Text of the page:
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As a chemistry student I was expected to learn a lot of practical detail and hands-on procedure that I later noticed new electrical (and some mechanical) engineers often lacked. jsw
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because it's got two live inputs, and either could develop a short to ground.
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The panel circuit breakers protect the wiring from that. The separate fusing is for a motor overload condition.
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Fuses ARE heaters. They have thermal action and the slow ones are meant for motors. I would say that fuses are "overload heaters for the poor".
I spent some effort when replacnig electricals on my three phase bandsaw, and finally found a contactor with the exact heaters that the motor needed. Very happy about it.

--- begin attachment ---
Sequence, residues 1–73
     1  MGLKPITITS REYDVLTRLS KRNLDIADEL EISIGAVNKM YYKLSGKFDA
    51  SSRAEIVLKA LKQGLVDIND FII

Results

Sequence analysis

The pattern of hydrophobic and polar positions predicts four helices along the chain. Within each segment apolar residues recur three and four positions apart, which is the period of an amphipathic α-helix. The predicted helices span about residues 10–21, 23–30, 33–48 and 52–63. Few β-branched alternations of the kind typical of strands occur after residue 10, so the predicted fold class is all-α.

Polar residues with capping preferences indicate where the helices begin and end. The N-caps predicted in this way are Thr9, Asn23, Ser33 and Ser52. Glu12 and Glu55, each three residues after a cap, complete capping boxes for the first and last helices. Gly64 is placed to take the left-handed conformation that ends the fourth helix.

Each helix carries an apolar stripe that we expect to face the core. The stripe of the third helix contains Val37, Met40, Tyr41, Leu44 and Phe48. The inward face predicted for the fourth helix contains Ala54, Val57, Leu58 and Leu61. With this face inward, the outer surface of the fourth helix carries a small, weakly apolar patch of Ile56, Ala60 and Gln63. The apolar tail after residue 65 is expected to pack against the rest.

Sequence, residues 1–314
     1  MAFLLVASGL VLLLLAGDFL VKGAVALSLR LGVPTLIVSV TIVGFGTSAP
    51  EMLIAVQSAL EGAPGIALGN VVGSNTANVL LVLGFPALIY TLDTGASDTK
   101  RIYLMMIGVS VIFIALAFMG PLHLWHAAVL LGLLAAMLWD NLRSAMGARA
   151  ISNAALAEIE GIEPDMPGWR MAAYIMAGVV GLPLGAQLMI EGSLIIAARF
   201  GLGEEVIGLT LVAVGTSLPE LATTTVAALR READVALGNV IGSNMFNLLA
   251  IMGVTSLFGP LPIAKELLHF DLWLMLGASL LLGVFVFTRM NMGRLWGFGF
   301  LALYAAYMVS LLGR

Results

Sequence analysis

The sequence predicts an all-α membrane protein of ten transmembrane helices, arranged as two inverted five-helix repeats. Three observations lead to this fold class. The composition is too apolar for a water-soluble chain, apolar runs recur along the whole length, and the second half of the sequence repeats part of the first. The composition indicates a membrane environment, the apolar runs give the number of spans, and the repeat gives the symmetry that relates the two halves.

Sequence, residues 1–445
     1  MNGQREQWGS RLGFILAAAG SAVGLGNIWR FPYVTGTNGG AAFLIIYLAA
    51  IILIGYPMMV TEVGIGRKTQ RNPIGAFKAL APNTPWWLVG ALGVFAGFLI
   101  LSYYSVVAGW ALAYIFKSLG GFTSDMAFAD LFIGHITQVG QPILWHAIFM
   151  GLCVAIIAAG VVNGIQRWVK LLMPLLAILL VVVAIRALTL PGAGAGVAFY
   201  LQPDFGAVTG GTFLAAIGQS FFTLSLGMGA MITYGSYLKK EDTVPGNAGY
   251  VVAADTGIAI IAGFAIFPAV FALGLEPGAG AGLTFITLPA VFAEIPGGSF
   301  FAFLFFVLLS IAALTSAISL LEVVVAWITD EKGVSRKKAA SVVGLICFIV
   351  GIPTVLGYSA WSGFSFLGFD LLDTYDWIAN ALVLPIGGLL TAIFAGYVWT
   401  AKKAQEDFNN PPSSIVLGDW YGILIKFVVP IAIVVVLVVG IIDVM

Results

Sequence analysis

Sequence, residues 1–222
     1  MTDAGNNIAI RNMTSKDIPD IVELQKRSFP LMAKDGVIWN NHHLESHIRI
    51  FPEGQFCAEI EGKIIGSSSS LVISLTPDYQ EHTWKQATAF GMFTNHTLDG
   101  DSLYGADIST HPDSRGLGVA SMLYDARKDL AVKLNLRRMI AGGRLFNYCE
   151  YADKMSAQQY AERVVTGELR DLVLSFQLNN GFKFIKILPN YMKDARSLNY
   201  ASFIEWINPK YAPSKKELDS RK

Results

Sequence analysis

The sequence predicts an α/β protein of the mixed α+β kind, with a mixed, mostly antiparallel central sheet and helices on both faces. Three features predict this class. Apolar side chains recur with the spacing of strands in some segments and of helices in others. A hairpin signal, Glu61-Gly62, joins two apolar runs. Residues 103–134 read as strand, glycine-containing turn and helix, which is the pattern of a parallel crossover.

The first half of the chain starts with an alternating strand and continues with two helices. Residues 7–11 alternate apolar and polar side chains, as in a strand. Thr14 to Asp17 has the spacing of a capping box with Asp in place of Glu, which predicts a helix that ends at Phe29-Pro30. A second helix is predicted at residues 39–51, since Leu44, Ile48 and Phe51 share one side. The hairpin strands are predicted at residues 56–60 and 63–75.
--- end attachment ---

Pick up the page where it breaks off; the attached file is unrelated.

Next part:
i
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"Jim Wilkins"

** Cos the AC supply is two phase.
The OP is an American.
They have spit phase power where 240VAC is split into a pair of 120V lines with a common neutral.
While 120V appliances use one or the other, some ( usually high powered ) ones are rated at 220 /240 and connect across the pair.
..... Phil
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    [ ... ]

    In the UK, you don't, because 240 VAC comes with one side grounded. However, in the USA, 240 VAC is normally supplied with a grounded center tap, so if you have only one fuse -- or have two but only one blows, you still have 120 VAC live in the motor's housing, and potentially available for contact and personal zapping. :-)

    :-)